Bound 2

Album: Yeezus (2013)
Charted: 55 12
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  • This was one of several songs on Yeezus that super-producer Rick Rubin (Johnny Cash, Run-DMC, Red Hot Chili Peppers) worked on. West had come to the bearded beat guru three weeks before the album's last possible delivery date to the label asking him to help complete the job. "When he first played it for me, it was a more middle of the road R&B song, done in an adult contemporary style," Rubin recalled to The Wall Street Journal. Kanye had the idea of combining that track with a cool sample he had found and liked – I removed all of the R&B elements leaving only a single note baseline in the hook which we processed to have a punk edge in Suicide tradition."

    American Electronic Protopunk musical duo Suicide have been intermittently active since 1970. A flyer the band circulated in November 1970 was the first ever to use the phrase "punk music" to advertise a concert. Never widely popular amongst the general public, Suicide's New Wave and Synthpop sounds of the late '70s and early '80s are regarded as highly influential by music critics.
  • Speaking to the New York Times, West described himself as a "minimalist in a rapper's body." He added that he brought in Rubin to "bring all those vibes" to the album. "I'm still just a kid learning about minimalism, and he's a master of it," West explained.
  • This soul-powered tune finds West opening up to a significant other. It features smooth R&B singer-songwriter-producer and former lead singer of The Gap Band, Charlie Wilson crooning on the hook. Other West tunes that Wilson has contributed to include "See Me Now," "All of the Lights" and several tracks from the rapper's 'G.O.O.D. Friday' series.
  • The song is built around a sample of "Bound," a 1971 Soul tune by Ponderosa Twins Plus One. Other tracks borrowed from are "Aeroplane," written by Norman Whiteside and performed by him under the pseudonym of Wee and the "uh huh, honey" from the intro to Brenda Lee's 1960 hit tune "Sweet Nothin's."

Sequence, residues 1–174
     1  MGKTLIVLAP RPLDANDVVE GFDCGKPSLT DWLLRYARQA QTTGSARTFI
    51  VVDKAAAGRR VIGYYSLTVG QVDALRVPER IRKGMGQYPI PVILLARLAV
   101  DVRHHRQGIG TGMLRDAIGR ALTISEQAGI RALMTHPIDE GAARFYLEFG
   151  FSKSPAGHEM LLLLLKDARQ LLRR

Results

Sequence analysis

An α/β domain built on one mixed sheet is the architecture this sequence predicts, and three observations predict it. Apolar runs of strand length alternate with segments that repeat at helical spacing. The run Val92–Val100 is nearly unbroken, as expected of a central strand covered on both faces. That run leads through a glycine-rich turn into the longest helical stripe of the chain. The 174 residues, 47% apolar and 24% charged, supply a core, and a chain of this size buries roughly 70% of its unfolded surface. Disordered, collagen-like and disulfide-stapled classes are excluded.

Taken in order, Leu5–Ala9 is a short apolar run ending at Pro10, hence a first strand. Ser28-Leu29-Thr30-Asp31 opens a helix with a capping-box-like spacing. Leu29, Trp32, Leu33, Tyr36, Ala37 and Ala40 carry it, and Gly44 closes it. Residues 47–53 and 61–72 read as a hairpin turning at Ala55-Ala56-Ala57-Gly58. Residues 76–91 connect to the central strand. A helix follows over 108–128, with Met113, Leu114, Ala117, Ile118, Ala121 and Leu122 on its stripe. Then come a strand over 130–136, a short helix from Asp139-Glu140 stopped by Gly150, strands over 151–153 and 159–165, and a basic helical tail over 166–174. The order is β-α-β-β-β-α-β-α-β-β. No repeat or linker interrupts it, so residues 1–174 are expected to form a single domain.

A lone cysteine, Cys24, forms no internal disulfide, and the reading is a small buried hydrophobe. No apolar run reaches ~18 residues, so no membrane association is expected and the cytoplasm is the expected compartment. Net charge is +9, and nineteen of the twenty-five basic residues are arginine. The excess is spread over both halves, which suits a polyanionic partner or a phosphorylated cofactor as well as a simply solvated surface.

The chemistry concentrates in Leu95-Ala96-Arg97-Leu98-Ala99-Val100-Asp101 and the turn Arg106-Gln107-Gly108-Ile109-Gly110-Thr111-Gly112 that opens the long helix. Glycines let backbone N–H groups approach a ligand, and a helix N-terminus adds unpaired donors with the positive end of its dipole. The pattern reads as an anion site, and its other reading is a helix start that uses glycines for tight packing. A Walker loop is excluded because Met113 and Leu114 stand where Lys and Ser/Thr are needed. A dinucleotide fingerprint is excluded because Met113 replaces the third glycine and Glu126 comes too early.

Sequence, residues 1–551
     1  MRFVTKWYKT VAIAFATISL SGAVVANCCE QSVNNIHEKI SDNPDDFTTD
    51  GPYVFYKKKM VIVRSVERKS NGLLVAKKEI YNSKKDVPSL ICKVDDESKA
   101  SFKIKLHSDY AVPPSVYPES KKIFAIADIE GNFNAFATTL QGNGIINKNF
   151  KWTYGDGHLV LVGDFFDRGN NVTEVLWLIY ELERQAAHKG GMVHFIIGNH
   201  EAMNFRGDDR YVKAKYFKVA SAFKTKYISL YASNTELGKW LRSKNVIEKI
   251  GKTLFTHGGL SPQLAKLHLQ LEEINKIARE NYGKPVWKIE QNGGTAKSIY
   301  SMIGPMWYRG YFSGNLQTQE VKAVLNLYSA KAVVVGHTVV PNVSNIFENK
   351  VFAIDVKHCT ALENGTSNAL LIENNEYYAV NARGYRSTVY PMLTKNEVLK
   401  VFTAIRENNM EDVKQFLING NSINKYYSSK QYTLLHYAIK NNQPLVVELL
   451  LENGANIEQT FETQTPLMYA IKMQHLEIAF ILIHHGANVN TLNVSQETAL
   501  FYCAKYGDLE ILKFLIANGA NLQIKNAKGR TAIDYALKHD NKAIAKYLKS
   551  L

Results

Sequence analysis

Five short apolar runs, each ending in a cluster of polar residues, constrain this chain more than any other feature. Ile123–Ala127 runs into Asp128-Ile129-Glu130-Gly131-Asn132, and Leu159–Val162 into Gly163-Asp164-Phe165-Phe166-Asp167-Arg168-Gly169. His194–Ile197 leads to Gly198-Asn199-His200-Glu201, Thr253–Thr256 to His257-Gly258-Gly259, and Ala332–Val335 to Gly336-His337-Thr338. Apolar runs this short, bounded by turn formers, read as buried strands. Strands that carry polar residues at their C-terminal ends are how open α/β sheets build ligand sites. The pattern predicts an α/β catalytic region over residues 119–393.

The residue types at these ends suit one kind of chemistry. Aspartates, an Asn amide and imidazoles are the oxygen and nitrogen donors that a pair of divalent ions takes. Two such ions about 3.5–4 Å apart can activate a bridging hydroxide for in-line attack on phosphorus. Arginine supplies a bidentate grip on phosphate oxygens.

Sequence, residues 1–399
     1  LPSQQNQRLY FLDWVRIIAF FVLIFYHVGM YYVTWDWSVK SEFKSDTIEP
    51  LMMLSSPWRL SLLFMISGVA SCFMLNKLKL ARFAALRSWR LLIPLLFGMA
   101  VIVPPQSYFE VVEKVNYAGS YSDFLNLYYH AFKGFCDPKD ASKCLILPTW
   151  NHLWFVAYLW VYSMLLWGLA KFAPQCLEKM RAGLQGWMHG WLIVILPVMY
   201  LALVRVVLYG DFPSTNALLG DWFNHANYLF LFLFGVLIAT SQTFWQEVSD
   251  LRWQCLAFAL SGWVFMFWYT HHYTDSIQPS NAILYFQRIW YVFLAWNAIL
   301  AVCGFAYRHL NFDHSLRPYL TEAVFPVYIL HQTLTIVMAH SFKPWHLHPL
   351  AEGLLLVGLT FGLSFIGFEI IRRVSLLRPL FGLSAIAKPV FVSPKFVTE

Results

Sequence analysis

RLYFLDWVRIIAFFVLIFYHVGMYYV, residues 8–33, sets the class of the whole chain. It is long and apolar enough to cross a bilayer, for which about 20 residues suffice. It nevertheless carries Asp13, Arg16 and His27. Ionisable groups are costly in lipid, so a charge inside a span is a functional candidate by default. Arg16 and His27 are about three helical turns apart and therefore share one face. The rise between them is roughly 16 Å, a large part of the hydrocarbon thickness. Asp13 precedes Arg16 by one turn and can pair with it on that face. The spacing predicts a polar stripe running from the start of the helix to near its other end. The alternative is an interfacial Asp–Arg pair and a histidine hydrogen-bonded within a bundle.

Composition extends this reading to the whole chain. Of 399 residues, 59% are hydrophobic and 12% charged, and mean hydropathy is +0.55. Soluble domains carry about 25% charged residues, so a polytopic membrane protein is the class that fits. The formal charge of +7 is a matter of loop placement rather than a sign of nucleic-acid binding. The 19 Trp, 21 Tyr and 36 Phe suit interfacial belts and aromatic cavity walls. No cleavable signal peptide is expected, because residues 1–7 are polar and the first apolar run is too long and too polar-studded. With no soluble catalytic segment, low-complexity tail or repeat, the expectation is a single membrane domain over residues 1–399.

So what did Brenda Lee think about West borrowing from her hit tune? She responded to CMT after hearing this profanity-rich song:
    "It's kind of like a rapping thing with a '60s vibe a little bit—that was probably one of the cleaner parts.

    "That song is over 50 years old," she added, "so who would have thought that they'd even know that song, or probably even me? I'm proud that he liked the song and thought enough of it to incorporate it."
  • The video was directed by the fashion photographer Nick Knight and finds West and his fiancee Kim Kardashian driving through the Arizona desert on a motorcycle. During an interview with Charlamagne tha God on Power 105.1's The Breakfast Club, West admitted the clip was tongue-in-cheek: "I wanted it to look as phony as possible," he said.

    Actors James Franco and Seth Rogen filmed a shot-for-shot parody video of the promo during downtime on the pair's movie, The Interview. The deadpan version of the visual found Franco playing West and Rogen taking on the role of Kardashian. Kim Kardashian revealed that she and West found the clip to be very funny.